Upgrade Work a Sign of a Hardening Border? O’Murchú

Is upgrading work at a former British Army base in South Armagh a sign of a hardening of the border ahead of Brexit?

That’s the question that Deputy Ruairí Ó Murchú is seeking the answer to after he raised the issue of work activity on Forkhill Mountain with Minister for European Affairs, Helen McEntee TD, in Leinster House on June 11.

The Louth TD visited the remote mountain-top site on Forkhill Mountain ahead of his contribution in Leinster House during a debate about Brexit. He was joined by Newry, Mourne and Down District Council representative, Cllr. Declan Murphy.

Mr Ó Murchú said he had been prompted to go to the site after receiving ‘worrying’ reports from people who live in the area about large scale activity on the mountaintop the previous week.

He said that what he saw on the mountain corroborated what he had been told by concerned residents.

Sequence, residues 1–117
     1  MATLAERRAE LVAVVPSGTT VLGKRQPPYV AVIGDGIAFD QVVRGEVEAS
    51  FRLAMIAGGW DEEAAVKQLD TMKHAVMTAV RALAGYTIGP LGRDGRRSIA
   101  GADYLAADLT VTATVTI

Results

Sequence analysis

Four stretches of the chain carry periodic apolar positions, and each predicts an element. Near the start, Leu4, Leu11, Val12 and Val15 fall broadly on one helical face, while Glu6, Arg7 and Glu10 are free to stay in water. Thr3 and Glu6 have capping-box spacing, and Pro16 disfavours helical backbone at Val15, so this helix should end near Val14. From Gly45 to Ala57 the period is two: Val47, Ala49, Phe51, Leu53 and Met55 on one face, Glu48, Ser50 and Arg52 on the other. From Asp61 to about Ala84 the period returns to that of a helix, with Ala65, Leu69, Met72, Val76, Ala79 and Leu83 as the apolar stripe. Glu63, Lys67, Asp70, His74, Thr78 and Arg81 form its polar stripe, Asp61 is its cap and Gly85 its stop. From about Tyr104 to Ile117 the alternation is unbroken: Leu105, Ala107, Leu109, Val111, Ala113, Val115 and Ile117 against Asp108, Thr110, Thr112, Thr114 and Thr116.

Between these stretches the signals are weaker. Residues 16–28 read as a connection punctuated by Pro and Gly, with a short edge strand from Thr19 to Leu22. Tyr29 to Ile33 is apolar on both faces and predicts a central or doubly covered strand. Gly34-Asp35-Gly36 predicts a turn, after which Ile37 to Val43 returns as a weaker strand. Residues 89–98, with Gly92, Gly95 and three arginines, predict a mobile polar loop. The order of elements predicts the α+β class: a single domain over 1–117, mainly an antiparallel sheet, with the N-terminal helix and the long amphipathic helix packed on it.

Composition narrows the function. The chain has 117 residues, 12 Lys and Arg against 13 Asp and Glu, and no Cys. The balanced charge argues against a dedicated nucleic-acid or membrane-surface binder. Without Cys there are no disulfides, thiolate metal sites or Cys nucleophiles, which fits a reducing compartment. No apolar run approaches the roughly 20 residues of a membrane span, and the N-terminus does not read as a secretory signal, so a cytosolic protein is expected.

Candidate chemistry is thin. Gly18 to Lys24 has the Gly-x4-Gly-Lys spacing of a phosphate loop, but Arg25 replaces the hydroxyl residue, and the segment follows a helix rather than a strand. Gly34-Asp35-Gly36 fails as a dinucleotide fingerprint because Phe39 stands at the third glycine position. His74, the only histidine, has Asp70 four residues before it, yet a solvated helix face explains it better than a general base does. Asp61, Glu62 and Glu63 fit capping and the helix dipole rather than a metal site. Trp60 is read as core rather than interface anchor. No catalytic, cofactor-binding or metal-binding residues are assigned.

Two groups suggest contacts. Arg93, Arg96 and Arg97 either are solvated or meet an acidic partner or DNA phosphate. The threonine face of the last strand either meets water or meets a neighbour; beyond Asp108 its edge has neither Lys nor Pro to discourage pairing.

Mr Ó Murchú said: “Forkhill Mountain is just half a mile from the border. It was previously the site of a major military installation for the British Army and they officially left in 2006.

“However, the helipad and other remnants of their time at this outpost remain. What I saw on Thursday was a heavily fortified area, which contained a massive mast, with a number of satellite dishes on it, along with six sizable steel container-style structures, some of which emit loud whirring noises. Telecommunications infrastructure, at least one sizable camera, has been maintained and upgraded and major works have taken place recently.